Energy benchmarking for supermarkets and food stores

Energy use in supermarkets and food stores

Supermarkets are among the most energy-intensive commercial buildings. Their high energy consumption is largely attributed to refrigeration and heating and cooling equipment. Energy costs are typically approximately 1% of sales, which is about the same as a store’s overall profit margin.Footnote 1

Drive up your competitive edge by reducing your energy consumption

In order to maintain your competitive edge in the food retail sector, consider a strategic plan to managing the energy in your store that starts with energy benchmarking. Energy benchmarking is a key best practice and the foundation for an effective energy management and decision-making plan. It is often an overlooked tool, yet once incorporated into your tool kit, it provides data that you can use to identify poorly performing buildings, invest strategically in energy efficient upgrades and track the effectiveness of the improvements undertaken.

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According to the U.S. Environmental Protection Agency’s Data Trends, in the U.S. more than 15,500 supermarketsFootnote 2  are benchmarking their energy performance with an average annual energy savings of more than 2%.Footnote 3 Just imagine what your store could do with 2% of its energy budget.

What you need to know before you benchmark your supermarket or food store

The ENERGY STAR® Score for Supermarkets and Food Stores in Canada applies to supermarkets, grocery stores, food sales and convenience stores with or without gas stations, but does not apply to restaurants.

To obtain a 1-100 ENERGY STAR score, in addition to your store’s basic tombstone information, you need the following building data:

  • Gross floor area
  • Number of cash registers
  • Number of computers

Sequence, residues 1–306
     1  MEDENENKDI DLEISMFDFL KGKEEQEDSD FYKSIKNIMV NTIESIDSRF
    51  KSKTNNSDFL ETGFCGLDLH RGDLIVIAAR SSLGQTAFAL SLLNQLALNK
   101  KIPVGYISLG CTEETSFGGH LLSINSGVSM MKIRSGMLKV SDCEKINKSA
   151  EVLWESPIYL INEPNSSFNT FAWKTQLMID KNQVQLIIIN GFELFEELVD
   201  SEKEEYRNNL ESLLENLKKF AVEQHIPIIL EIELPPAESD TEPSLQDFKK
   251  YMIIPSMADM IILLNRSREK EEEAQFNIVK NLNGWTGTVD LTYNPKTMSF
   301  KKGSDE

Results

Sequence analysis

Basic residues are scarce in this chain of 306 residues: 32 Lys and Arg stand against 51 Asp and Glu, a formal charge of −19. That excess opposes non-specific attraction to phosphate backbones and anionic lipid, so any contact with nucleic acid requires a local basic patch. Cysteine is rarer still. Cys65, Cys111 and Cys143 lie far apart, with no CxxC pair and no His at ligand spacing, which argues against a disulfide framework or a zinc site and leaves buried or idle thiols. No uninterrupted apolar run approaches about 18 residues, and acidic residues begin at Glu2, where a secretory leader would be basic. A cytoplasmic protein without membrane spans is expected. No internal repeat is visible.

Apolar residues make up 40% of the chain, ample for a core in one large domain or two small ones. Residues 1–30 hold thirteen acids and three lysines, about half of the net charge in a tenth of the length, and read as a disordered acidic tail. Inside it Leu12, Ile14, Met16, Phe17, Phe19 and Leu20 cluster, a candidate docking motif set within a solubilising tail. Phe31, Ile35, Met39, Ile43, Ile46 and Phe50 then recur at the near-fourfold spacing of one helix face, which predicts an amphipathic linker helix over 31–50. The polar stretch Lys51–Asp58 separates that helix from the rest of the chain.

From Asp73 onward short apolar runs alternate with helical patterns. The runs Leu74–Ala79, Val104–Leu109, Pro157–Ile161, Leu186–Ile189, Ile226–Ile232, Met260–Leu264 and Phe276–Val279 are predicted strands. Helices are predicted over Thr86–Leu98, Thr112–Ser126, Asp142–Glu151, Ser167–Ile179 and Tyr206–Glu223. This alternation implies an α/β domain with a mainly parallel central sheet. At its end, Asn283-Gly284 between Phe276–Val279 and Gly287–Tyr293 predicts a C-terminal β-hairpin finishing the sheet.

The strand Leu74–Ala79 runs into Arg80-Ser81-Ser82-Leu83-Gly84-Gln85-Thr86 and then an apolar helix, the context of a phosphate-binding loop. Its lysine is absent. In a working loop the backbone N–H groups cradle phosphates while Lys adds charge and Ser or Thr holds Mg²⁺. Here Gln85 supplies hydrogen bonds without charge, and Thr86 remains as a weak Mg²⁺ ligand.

• Number of workers on the main shift
  • Length in meters of refrigerated/frozen food display cases
  • Weather and climate (using heating and cooling degree days, based on postal code)

Energy Use

  • Specific energy billing information for each building for all purchased energy. You will need to begin with at least 12 consecutive months for each energy source and update regularly with monthly usage data.

Note that the above information is not required to start benchmarking. You can start using the tool to track your energy performance no matter how much data you have. However, in order to obtain the 1-100 score or an energy use intensity, you need the details above.

Apply for certification

If your store earns a score of 75 or higher and meets certain other criteria, you could be eligible for ENERGY STAR certification. Learn more about certification and how you can apply.


Learn more about benchmarking and energy efficiency for supermarkets and food stores

Natural Resources Canada resources

External resources

The ENERGY STAR and PORTFOLIO MANAGER names and the ENERGY STAR symbol are trademarks registered in Canada by the United States Environmental Protection Agency and are administered and promoted by Natural Resources Canada.